However, for those without an appreciation for Russian History (and more specifically the difficult circumstances that Bulgakov faced when trying to express his art for a highly censored society), I think future readers would simply enjoy a well written yarn that evokes hilarity through well drawn out imagery and absurd dialogue, and witty historical and literary refferences. Likewise, Bulgakov narrates this piece in a somewhat conversationalist prose style that left me feeling like I was listening to a series of inside jokes (having a cursory knowledge of Russian History may aid the reader in actually getting some of the jokes).
Likewise, I really thought that Bulgakov did a wonderful job weaving two parallel stories (a story of Jesus' crucifixion through the eyes of Pilate and the current story of the events of the Devil and his minions coming to Moscow to wreak havoc and buffoonery on the citizens of the city).
My only minor quibble with the story is that it was a shade bit long and I felt that some of the scenes that Bulgakov included in this novel amounted to "piling on". I think a couple scenes highlighting the many tricks and jokes being played on the ordinary citizens could have been trimmed down. While I enjoyed some of these scenes, I think Bulgakov included some superfluous elements that simply did not add to the story or move the narrative along. Other than this minor issue... I fully enjoyed this one and would recommend it to anyone that enjoys outstanding literature, infused with wittiness and hilarity. (less)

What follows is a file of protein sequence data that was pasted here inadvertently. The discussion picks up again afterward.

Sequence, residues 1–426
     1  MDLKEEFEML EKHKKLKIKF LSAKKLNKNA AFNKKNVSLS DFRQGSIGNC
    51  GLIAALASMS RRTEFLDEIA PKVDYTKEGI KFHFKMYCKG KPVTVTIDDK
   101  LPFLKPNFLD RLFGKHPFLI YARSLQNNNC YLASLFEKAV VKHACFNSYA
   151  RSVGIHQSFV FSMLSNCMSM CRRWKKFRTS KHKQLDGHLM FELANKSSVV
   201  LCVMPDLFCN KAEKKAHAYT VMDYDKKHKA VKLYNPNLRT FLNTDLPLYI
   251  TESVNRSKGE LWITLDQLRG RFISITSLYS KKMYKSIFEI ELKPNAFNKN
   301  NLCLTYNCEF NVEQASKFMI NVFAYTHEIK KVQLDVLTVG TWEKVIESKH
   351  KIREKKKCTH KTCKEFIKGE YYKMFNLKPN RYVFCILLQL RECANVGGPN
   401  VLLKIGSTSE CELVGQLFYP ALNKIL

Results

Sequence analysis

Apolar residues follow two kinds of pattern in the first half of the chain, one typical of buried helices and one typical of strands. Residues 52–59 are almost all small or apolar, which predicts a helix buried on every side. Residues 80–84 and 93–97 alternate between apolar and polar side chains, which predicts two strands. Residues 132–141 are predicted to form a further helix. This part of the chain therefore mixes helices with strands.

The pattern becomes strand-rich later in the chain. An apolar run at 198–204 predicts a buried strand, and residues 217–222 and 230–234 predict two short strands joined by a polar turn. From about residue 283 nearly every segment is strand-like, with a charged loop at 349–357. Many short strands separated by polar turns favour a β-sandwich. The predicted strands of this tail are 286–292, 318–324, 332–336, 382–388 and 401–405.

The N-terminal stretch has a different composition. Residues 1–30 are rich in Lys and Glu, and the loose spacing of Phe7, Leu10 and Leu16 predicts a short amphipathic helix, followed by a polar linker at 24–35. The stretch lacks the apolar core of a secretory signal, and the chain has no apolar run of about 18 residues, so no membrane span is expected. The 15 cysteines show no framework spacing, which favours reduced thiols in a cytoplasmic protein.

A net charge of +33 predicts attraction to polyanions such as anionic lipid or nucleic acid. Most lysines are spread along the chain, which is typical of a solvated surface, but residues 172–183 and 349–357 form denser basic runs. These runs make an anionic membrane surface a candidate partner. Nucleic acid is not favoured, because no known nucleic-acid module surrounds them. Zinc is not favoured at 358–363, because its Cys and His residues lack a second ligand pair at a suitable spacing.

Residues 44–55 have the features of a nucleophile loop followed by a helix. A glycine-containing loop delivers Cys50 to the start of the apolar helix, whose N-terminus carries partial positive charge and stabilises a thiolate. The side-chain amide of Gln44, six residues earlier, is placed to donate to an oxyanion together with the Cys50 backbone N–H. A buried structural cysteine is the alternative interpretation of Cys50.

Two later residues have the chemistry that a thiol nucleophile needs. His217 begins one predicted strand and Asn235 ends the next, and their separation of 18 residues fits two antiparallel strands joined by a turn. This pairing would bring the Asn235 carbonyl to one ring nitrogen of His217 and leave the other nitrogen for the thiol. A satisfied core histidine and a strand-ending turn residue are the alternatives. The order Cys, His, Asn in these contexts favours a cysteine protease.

This obscure writer of highly enjoyable tales, firmly ensconced in the magical realism genre, came recommended to me by a friend.
Rubiao infuses most...moreThis obscure writer of highly enjoyable tales, firmly ensconced in the magical realism genre, came recommended to me by a friend.
Rubiao infuses most of his short tales with an assumed fantastic element, most overtly in the first story, "The Dragons". Rubiao's use of the fantastic takes on a bit of a farcical touch in this one as he meditates on a society's rediculous reaction upon trying to assimilate foreign dragons into their society. Naturally, this kind of tale certainly lends itself to interpretation, but when read, it should be clear to the reader of its allusions to foreign cultures trying to assimilate into mainstream society.
Other tales were a bit more diffuse in their "meaning" ("The Glass Flower" comes to mind), which is fine because those tales took on such a pleasing aesthetic.
One other story to note, which was one of my more favorite in its conveyance of a Kafka-esque absurdity, was "The City". In this ridiculous tale, we have poor Cariba who has been arrested on the suspicion for asking questions. He is ultimately detained indefinitely because he is, apparently, the only soul in the entire village of... actually I don't think we ever find out what village he is in, but he happens to be the only individual that asks "suspicious" questions.